357 F2d 272 McCoy v. United States
357 F.2d 272
James A. McCOY, Appellant,
UNITED STATES of America, Appellee.
United States Court of Appeals District of Columbia Circuit.
Order Filed December 31, 1965.
Opinion Filed January 17, 1966.
Miss Barbara A. Babcock (appointed by this court) Washington, D. C., was on the pleadings for appellant. Mr. Thomas A. Wadden, Jr., (also appointed by this court) Washington, D. C., entered an appearance for appellant.
Messrs. Frank Q. Nebeker and Allan M. Palmer, Washington, D. C., were on the pleadings for appellee.
Before BAZELON, Chief Judge, and BURGER and LEVENTHAL, Circuit Judges, in chambers.
LEVENTHAL, Circuit Judge.
McCoy has appealed from convictions of an unauthorized use of an automobile and contempt of court, the latter arising out of his conduct at the beginning of trial on the former charge.
The District Court allowed in each case an appeal without prepayment of costs, ordered the preparation of transcripts and referred to this court a motion for the appointment of counsel. With full consideration of appellant's background,1 Judge Hart set bail pending appeal in the sum of $1000. Upon the pro se motion of appellant, he later reduced that amount to $500.
This court appointed counsel, who has now moved for appellant's release on personal recognizance pending appeal. Counsel represents to us that although the premium on a $500 bond is only $40, none of the bondsmen contacted by counsel or by appellant's family will write the bond. Counsel states:
The reason given by the bondsmen is that once a man has actually served some of his time in prison and is released on bond, he will, if his appeal is unsuccessful, flee the jurisdiction rather than return to finish serving his sentence.
The decision of Judge Hart to admit appellant to bail pending appeal is plainly supported on the record: Appellant has no previous convictions; he is a lifelong resident of the District of Columbia; if released, he would live in the city with his mother, brother, grandfather, and two aunts, with whom he lived at the time of his arrest.
It would be manifestly unjust to permit professional bondsmen to "hold the keys to the jail in their pockets,"2 when their refusal to write a bond is due to the fact that the appellant has begun serving his sentence. This approach would indeed penalize appellant doubly and harshly for his inability to provide bail promptly. It is plainly at odds with the general view that bail should be provided pending appeal unless the Government meets its burden of making a contrary showing, e. g. of dangerousness to the community.3 While no such showing has been made to us, we deem it appropriate to observe that the injustice would be pyramided unconscionably if it should appear that a bondsman's unwillingness to take the risk is heightened where, as in this case, the appellant is young, is not "well known" to him through past involvements, and offers only modest opportunity for gain due to the low amount of bond.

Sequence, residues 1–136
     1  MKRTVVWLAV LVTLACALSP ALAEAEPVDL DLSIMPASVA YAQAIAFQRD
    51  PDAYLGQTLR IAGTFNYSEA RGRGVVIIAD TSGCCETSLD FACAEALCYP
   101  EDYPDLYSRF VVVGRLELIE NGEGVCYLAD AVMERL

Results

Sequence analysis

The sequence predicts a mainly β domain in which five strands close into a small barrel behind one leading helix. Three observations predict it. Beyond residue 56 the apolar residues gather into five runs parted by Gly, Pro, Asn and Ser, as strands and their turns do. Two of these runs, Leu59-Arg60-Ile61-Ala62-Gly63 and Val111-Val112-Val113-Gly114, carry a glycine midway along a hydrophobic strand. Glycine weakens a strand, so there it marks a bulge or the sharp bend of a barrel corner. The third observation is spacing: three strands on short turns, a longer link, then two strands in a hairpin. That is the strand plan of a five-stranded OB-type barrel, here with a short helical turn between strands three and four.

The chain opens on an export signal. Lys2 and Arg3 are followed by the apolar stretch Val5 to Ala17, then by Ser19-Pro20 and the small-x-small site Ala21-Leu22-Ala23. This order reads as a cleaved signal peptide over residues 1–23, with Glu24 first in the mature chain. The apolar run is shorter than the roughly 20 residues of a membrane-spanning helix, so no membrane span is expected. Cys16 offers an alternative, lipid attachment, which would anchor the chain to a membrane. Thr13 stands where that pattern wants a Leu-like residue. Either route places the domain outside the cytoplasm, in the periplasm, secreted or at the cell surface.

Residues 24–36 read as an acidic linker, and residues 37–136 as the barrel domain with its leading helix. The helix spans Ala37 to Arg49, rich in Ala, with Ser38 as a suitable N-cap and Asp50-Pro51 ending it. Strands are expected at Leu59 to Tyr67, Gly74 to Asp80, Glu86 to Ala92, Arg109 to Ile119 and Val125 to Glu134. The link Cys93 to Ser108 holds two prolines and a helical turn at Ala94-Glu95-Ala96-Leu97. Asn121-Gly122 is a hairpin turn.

Under the circumstances of this case, we have implemented the District Court's decision to admit the appellant to bail by entering an order providing —
(1) Appellant is admitted to bail upon the execution of a personal bond of $500, the bond to be signed by appellant and any two of his close relatives — mother, father, grandfather, two aunts, all of whom reside in the District.
(2) Appellant shall reside with a member of his family.
(3) Appellant shall report to the Probation Officer of the U. S. District Court for the District of Columbia on such terms as the latter may impose.
We think it appropriate for the courts to avail themselves of their flexibility to vary terms and conditions as well as amounts of bail, and provide substitutes, in the case of indigent defendants, for conventional bonds of professional bondsmen.4
The young man with established family contacts would seem as likely, if not more likely, to respect the bond when a violation will mean financial loss not to a bondsman but to members of his immediate family.
It is for the foregoing reasons that on December 31, 1965, we entered our order described above.
Appellant has no prior convictions as an adult. Apparently he was twice committed to institutions as a juvenile, on charges of housebreaking
Pannell v. United States, 115 U.S.App. D.C. 379, 380, 320 F.2d 698, 699 (1963) (concurring opinion of Judge Wright)
Bandy v. United States, 81 S.Ct. 197, 198, 5 L.Ed.2d 218 (Circuit Justice Douglas, 1960); Leigh v. United States, 82 S.Ct. 994, 996, 8 L.Ed.2d 269 (Circuit Justice Warren, 1962)
Freed & Wald, Bail in the United States: 1964;Note, 70 Yale L.J. 966, 975 (1961). Stimulus to the use of this power of the courts may ensue from the proposed changes in Rule 46 F.R.Crim.P., declaratory of that power, recommended by the Advisory Committee in March 1964
BURGER, Circuit Judge (dissenting).
As indicated when the order for release was entered, I would not reach the issues covered by the foregoing opinion until more detailed information on Appellant's record as a juvenile offender and the Bondsman's appraisal of Appellant as a poor risk are submitted to and evaluated by the District Court as to their relationship to possible danger to the community and the likelihood of Appellant's fleeing in the event of release on bond. Apart from this, however, I agree with Judge Leventhal's approach to the need for experimenting with variout devices for release on personal assurances to the end that more discriminating release procedures can be developed.